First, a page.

Same goes for the other way around, if you find yourself unable to say no, overwhelmed by responsibilities for others and commitments that you really should not have made in the first place! Say No! No, I cannot pick up your children as well because driving to your house is 45 minutes out of my way and then I will be late in helping the children with their homework. Set your boundaries!
Change your job
No, I am not saying that to resign is the answer here, perhaps a different way of doing things. Changing jobs takes time, and you don’t want to jump from the boiling water into the fire! If you are bored it might be that you are not stimulated enough! Ask for more responsibility, put up your hand when the next project is up for grabs. Volunteer to organise the next work function! Be creative! You will find that it changes your perspective and changes your attitude by making a positive contribution to your office environment. The possibilities can be endless but it is up to you to sit up and start taking notice!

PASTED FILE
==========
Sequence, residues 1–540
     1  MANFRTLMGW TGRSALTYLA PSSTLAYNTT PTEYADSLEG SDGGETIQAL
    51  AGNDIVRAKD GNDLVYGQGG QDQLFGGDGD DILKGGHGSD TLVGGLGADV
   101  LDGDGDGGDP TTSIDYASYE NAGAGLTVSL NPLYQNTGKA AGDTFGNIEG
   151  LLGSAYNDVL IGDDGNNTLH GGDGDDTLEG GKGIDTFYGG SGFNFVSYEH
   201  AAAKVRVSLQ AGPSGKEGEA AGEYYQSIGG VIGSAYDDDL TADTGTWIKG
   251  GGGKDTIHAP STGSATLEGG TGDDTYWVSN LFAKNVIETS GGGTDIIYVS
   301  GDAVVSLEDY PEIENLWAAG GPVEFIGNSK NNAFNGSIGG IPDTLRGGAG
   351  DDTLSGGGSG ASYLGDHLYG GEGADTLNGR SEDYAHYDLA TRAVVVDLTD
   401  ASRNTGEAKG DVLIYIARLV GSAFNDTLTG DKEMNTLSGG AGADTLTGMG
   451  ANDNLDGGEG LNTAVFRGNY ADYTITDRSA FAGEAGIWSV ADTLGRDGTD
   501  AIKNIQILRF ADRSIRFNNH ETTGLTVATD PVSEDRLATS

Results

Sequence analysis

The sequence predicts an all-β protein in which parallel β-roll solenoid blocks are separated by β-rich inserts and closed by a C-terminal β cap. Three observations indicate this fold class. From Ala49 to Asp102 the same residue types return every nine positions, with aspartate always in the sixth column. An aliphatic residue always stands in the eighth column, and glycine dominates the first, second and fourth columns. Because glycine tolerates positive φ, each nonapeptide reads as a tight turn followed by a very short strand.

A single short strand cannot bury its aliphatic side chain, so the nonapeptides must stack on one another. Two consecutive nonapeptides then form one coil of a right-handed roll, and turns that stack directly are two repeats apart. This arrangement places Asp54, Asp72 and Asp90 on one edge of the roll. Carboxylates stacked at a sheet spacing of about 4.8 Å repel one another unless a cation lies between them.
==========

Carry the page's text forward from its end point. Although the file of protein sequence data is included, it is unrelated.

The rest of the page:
Start with Why
This is essential. Why are you here? What are you doing here? You can go so far as to ask yourself why you are on this earth!? Combine it! Work and Play does not need to be two separate entities in your life. It could be anything from making people’s life easier or working to provide for your children. Everyone has something special.
365 Days can be overwhelming. Its long, it’s tedious and by the time your reach Christmas the goals, aspirations and fun have all but disappeared into the daily dredge of life and survival! Yuck!! Make life fun by focusing on small things for a short period of time. 30 Days is all you have to do, 30 days of avoiding sugar, alcohol or walking every day. 30 Days of connecting with a colleague, compliment someone or trying different ways of doing things! Once done you can congratulate yourself on a job well done or splurge on the bag of chocolates you have been eyeing at the local supermarket!
Lastly, don’t forget to have fun! We spend most of our time at work, more even than we spend with our families or friends! Doesn’t a dead-end job, only living for the weekend, sound absolutely soul destroying?
Come on, you can do it!